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This paper has the purpose of reviewing some of the established relationships between logic and concurrency, and of exploring new ones. Concurrent and distributed systems are notoriously hard to get right. Therefore, following an approach that has proved highly beneficial for sequential programs, much effort has been invested in tracing the foundations of concurrency in logic. The starting points of such investigations have been various idealized languages of concurrent and distributed programming, in particular the wellestablished statetransformation model inspired by Petri nets and multiset rewriting, and the prolific processbased models such as the πcalculus and other process algebras. In nearly all cases, the target of these investigations has been linear logic, a formal language that supports a view of formulas as consumable resources. In the first part of this paper, we review some of these interpretations of concurrent languages into linear logic and observe that, possibly modulo duality, they invariably target a small semantic fragment of linear logic that we call LV obs. In the second part of the paper, we propose a new approach to understanding concurrent and distributed programming as a manifestation of logic, which yields a language that merges those two main paradigms of concurrency. Specifically, we present a new semantics for multiset rewriting founded on an alternative view of
A Causal Logic of Events in Formalized Computational Type Theory ∗
"... We provide a logic for distributed computing that has the explanatory and technical power of constructive logics of computation. In particular, we establish a proof technology that supports correctbyconstruction programming based on the notion that concurrent processes can be extracted from proofs ..."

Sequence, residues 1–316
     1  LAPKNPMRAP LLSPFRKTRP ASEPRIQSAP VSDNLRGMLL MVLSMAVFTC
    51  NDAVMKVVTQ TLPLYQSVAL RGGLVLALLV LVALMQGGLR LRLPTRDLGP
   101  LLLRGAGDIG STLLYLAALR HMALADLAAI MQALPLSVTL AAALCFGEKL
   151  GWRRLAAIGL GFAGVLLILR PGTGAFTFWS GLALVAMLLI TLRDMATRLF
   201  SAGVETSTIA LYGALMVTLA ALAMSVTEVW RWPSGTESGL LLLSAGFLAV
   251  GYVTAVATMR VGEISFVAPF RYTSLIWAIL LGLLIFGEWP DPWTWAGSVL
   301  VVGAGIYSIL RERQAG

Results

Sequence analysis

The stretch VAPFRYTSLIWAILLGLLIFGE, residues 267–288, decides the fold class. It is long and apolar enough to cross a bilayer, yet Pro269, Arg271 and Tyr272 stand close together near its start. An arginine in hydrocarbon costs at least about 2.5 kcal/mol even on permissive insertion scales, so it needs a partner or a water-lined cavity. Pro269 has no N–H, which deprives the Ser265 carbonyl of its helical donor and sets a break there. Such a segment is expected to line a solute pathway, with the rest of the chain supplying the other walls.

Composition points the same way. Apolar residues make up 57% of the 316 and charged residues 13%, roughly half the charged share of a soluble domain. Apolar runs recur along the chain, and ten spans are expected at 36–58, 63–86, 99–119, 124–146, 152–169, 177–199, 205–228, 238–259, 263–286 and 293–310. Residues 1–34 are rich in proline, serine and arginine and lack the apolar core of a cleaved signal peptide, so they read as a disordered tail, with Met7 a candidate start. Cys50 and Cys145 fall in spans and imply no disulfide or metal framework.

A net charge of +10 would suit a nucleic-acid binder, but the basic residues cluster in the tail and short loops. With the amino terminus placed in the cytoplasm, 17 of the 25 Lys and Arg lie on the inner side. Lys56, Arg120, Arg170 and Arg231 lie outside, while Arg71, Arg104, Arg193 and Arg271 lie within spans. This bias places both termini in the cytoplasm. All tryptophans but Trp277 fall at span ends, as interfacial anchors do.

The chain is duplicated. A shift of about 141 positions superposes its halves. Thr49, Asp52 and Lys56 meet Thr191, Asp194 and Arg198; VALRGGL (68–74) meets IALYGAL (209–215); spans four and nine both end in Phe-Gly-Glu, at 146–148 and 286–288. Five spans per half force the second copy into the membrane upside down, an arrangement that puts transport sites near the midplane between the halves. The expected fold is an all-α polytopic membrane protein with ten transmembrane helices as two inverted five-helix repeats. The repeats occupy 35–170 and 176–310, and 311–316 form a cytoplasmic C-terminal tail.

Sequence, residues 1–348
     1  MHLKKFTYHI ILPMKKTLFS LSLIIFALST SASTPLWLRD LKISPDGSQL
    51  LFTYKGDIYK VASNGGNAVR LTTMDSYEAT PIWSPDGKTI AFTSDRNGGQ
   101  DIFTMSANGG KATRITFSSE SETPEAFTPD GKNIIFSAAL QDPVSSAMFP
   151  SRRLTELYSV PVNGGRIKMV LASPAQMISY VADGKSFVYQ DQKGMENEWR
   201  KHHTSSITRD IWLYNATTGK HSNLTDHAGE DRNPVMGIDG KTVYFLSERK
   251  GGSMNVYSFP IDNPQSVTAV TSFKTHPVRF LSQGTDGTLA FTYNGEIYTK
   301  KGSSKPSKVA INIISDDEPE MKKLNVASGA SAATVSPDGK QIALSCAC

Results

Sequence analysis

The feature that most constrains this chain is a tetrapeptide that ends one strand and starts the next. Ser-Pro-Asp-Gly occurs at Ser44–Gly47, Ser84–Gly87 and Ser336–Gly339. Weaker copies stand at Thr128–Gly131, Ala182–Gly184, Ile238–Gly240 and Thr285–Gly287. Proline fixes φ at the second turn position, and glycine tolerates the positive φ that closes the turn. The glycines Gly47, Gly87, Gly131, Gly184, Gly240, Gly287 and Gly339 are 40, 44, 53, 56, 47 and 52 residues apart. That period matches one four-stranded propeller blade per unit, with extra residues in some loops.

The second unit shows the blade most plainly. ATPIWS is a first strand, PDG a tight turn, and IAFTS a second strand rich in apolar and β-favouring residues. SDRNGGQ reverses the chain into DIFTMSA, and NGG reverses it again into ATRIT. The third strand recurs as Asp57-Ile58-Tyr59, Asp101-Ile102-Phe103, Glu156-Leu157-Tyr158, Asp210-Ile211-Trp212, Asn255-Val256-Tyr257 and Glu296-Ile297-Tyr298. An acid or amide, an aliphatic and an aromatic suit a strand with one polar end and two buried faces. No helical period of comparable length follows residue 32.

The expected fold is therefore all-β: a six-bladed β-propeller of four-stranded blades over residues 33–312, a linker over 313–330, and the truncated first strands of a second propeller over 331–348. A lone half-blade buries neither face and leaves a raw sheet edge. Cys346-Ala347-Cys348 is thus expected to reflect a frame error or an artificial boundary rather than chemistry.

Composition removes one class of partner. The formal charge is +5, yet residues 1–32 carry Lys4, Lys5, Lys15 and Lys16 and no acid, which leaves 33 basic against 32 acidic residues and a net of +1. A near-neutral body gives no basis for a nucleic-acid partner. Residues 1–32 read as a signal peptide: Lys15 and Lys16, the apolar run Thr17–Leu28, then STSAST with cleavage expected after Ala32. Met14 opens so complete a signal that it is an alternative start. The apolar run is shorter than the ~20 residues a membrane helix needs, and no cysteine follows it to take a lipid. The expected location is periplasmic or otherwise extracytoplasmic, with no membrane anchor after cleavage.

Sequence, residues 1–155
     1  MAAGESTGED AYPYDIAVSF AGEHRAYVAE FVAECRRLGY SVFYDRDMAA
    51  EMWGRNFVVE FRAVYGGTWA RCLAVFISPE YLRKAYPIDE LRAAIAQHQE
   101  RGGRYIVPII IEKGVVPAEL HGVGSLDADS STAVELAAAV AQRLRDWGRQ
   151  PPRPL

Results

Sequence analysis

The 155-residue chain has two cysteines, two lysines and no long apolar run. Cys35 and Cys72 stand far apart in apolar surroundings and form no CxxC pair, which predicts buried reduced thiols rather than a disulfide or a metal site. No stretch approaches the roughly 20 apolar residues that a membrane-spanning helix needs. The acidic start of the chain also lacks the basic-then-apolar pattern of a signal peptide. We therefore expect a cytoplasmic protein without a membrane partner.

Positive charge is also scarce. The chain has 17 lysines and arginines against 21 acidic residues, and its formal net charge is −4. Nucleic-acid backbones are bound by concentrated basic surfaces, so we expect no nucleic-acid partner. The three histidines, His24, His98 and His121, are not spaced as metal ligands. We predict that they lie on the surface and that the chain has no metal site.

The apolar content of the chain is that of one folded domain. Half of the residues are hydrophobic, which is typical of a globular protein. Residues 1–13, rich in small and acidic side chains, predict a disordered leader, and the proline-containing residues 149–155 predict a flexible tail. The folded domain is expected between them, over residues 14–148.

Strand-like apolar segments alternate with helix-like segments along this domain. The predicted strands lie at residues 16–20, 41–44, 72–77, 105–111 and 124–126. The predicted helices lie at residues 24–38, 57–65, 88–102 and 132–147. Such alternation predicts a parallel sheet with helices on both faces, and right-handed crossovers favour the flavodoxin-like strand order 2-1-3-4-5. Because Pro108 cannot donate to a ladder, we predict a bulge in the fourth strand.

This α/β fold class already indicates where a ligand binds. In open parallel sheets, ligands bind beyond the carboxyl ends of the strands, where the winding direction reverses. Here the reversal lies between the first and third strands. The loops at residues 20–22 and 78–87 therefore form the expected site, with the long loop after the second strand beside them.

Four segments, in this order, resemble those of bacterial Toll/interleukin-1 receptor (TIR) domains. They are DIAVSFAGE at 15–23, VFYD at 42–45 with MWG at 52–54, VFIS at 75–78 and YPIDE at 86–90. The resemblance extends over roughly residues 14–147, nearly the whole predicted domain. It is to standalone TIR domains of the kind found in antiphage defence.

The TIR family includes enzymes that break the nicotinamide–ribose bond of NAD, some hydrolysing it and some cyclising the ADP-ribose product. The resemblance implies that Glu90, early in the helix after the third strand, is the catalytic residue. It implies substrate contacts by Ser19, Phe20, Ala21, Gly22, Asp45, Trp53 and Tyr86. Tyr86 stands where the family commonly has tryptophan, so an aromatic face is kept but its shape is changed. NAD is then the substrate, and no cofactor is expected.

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We provide a logic for distributed computing that has the explanatory and technical power of constructive logics of computation. In particular, we establish a proof technology that supports correctbyconstruction programming based on the notion that concurrent processes can be extracted from proofs that specifications are achievable. 1
Published In Relating StateBased and ProcessBased Concurrency through Linear Logic
"... This paper has the purpose of reviewing some of the established relationships between logic and concurrency, and of exploring new ones. Concurrent and distributed systems are notoriously hard to get right. Therefore, following an approach that has proved highly beneficial for sequential programs, mu ..."
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This paper has the purpose of reviewing some of the established relationships between logic and concurrency, and of exploring new ones. Concurrent and distributed systems are notoriously hard to get right. Therefore, following an approach that has proved highly beneficial for sequential programs, much effort has been invested in tracing the foundations of concurrency in logic. The starting points of such investigations have been various idealized languages of concurrent and distributed programming, in particular the wellestablished statetransformation model inspired by Petri nets and multiset rewriting, and the prolific processbased models such as the picalculus and other process algebras. In nearly all cases, the target of these investigations has been linear logic, a formal language that supports a view of formulas as consumable resources. In the first part of this paper, we review some of these interpretations of concurrent languages into linear logic and observe that, possibly modulo duality, they invariably target a small semantic fragment of linear logic that we call LVobs. In the second part of the paper, we propose a new approach to understanding concurrent and distributed programming as a manifestation of logic, which yields a language that merges those two main paradigms of concurrency. Specifically, we present a new semantics for multiset rewriting founded on an alternative view of